Offered a place to stay at Edel Quinn, a crisis accommodation and case management service predominantly supporting men at risk or experiencing homelessness in the Wagga Wagga region, the shock of being priced out of his own hometown made real the housing crisis faced by thousands of people living on low incomes. 

Accommodation is so scarce; I couldn’t believe it.

“If it wasn’t for St Vincent de Paul I wouldn’t have a roof over my head or anywhere to sleep. 

“The greatest worry when you’re renting is ‘will I still be here in ten years time’ because as you get older, slower and weaker you’ve got to turn around and pack all the furniture up again.  

“There’s nothing worse than packing up and moving from one place to the next – it’s very depressing and expensive.” 

Currently working with the case management team at Edel Quinn to find a new place to live, Barry is looking forward to a future where he can plan beyond one day at a time. 

“Vinnies have been wonderful – I get three meals a day, my own room, the TV room where I can have a cup of tea – I’m fortunate that such a place like this exists. 

“I’ve got all my own furniture in storage here in Wagga, hopefully when I get out of here I can get it out and put it in permanent accommodation.” 


During the pandemic, rates of domestic and family violence have increased, leaving many women and children in vulnerable positions due to widespread messaging for people to stay at home. In response to these challenges, we have worked tirelessly to ensure support can be accessed at any time. 

The Society supported 2,415 women and children experiencing domestic and family violence over the past year. Across the state, our network of physical refuges and outreach support services helped women and children to rebuild their lives in caring and supportive environments.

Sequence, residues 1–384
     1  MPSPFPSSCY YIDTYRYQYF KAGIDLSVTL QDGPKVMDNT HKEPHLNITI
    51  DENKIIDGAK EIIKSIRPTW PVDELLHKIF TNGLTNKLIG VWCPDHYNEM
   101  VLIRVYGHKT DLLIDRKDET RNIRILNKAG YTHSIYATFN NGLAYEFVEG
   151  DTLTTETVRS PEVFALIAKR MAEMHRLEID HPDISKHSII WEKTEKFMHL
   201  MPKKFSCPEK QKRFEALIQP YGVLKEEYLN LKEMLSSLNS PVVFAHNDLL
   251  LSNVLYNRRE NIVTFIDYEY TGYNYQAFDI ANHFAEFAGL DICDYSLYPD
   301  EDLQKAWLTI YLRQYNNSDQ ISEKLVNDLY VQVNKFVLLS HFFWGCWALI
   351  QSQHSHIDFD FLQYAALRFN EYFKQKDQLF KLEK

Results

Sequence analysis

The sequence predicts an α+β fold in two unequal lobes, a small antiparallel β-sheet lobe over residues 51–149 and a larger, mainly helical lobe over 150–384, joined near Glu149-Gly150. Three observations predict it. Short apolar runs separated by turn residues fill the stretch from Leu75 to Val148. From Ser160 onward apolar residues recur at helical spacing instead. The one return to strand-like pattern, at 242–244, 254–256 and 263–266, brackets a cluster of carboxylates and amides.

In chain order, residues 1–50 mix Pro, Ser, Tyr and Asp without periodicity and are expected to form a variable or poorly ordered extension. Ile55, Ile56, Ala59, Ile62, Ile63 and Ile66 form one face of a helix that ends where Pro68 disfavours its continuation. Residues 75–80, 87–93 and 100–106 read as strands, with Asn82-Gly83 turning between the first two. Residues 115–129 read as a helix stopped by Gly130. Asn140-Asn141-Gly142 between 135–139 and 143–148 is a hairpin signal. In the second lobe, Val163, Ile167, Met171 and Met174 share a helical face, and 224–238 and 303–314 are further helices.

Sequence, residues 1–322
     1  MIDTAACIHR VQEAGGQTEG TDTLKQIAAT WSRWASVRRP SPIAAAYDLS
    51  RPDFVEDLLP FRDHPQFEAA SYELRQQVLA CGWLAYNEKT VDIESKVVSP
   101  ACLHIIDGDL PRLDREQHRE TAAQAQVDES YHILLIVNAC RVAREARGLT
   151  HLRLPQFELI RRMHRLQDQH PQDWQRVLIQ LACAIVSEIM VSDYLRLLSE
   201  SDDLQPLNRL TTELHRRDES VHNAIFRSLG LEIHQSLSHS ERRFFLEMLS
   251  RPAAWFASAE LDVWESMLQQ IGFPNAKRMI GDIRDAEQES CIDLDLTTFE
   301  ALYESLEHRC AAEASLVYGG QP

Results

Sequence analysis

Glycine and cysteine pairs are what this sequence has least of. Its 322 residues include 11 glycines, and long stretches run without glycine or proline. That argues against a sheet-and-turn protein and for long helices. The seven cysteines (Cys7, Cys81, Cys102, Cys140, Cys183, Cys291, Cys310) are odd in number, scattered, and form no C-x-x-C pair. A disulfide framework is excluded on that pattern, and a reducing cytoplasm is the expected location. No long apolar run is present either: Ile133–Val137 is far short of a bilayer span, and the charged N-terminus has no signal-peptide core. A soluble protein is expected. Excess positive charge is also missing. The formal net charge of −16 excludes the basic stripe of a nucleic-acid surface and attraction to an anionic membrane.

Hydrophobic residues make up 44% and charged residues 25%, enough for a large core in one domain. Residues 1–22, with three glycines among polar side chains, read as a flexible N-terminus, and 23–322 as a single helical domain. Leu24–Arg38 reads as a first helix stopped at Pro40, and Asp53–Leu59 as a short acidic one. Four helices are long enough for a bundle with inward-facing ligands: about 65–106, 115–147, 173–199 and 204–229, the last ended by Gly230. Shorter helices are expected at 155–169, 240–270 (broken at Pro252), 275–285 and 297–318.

Along with providing immediate assistance with crisis accommodation, food, clothing and trauma-informed counselling specifically tailored to adults and children of varying ages, our case workers remain in contact over the long-term to help the people we assist secure and maintain housing so that they can live independently. 


At at a more detailed report on our domestic violence services and their effects on women and children’s lives throughout the year.



The Society operates more than 25 crisis and transitional accommodation services as part of its Vinnies Services directorate to address the varying needs of single men and women, families, older women, and young people. In addition to delivering a range of on-site services, outreach support is offered throughout the wider community to those who are experiencing or at risk of homelessness. 

With the on-going impacts of COVID-19 affecting many of our accommodation centres throughout the year, we were forced to adapt the way we support the people we assist. In many cases we were unable to meet with people face-to-face, resulting in service being delivered through video-conferencing systems, while essential supplies were distributed by contactless drop-offs.